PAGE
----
Dojo or school protocol is very demanding and students (and parents) should avoid asking if they are ready to test; the instructor will nominate the ready student. The exception is a discrete letter from the parent who realizes because of possible clerical error that a child got overlooked on the list of nominees for the next test date. The karate teachers meet often to discuss who is ready and who needs more training and what specific areas need developing.

When nominated for testing a month early, you are sent the application. Return these promptly. It is assumed if you maintain your progress and attendance, you will be ready on test day. Scheduled times of the students are given on the application . You should arrive 10 minutes early on test day. you. Don't miss test day...the next one may not be for four months! If you absolutely cannot make a particular test, tell your instructor as soon as possible. Testing is mandatory every four months.

During the physical testing, you will perform in front of examiners who will ask you to demonstrate punches, kicks, katas, etc. They are looking for your strengths, not weaknesses. Students can learn a great deal during this half-hour. Sometimes the examiners offer suggestions and they always encourage you. During the test students are exposed to the idea of striving for a goal and achieving success. Students learn to deal with the pressures of performing while being observed by testers and family. It makes school tests a little easier to bear.

Usually belts are awarded right after testing but sometimes we make the awards the next week in class so that fellow students can share in the event. Often we call the parents out onto the floor to present the belt to the child.

It is not wise to eat candy, milkshakes, dairy products, oily foods, junk food, etc., within two hours of the testing. Stick with carbohydrates such as fresh fruit, potatoes, non-fat granola, oatmeal, salads (no oil). Definitely avoid carbonated beverages. Be sure to drink water.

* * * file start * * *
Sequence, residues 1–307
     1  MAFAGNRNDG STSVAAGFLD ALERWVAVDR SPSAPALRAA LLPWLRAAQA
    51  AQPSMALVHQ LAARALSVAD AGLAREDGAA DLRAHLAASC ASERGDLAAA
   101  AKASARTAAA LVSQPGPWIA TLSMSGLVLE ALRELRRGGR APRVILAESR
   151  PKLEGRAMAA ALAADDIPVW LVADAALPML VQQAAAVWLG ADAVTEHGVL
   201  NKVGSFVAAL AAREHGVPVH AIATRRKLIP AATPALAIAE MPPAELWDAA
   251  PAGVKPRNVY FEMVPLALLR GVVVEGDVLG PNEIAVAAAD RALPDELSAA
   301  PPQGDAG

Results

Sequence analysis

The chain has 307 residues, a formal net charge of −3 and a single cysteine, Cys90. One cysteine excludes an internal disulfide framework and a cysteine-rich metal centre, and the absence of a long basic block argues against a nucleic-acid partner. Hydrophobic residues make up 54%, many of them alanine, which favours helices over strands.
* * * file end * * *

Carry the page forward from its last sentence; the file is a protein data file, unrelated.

Students should arrive in a very neat gi (washed and ironed) with patch on. When entering the test area be sure to bow correctly and announce loudly "Good morning, good morning, sir." Show the same courtesy to your examiners. Thank them before departing. If your immediate instructor is present, go over and greet him or her. If he is busy testing someone, direct a special bow of greetings in his or her direction. This protocol is an important part of testing, it measures alertness.

Family members are encouraged to attend and give support. Introduce your parents to the instructors when you meet. Show courtesy at all times to everyone (guests, fellow students, little brothers and sisters, etc.) We are testing not only your karate skills but your good karate attitude and that includes outside the dojo. If you are polite to me on the floor but are loud and rude in the lounge to others, perhaps being cranky with family members, you will not receive promotions.

A special note for parents....

I thank you for your support! Giving up more of your free time to testing always concerns me. I have designed the test days to minimize your required stay. In some schools that I have observed, testing can drag on for hours. We schedule times for you that are fairly exact so you can arrive, test and leave. If you enjoy watching the others test, feel free to stay longer. Generally, you can readily complete the test day in one hour. I welcome your suggestions that make the operation run more smoothly.

Thank you. Jerry Devine, Chief Instructor of PMA

Note. This outline is just an overview into the complexities of belt ranking. PMA holds very high standards for its students and individual rankings. Every consideration is given to the individual as well and we allow for different maturities within the structure. I always enjoy talking and explaining how belts work so don’t hesitate to email and ask me about how the system works. Please do not ask me however ‘when is my child going to get a black belt’ because that one cannot be answered or predicted easily! My stock answer for that difficult question is "after much effort and a lot of parental support!"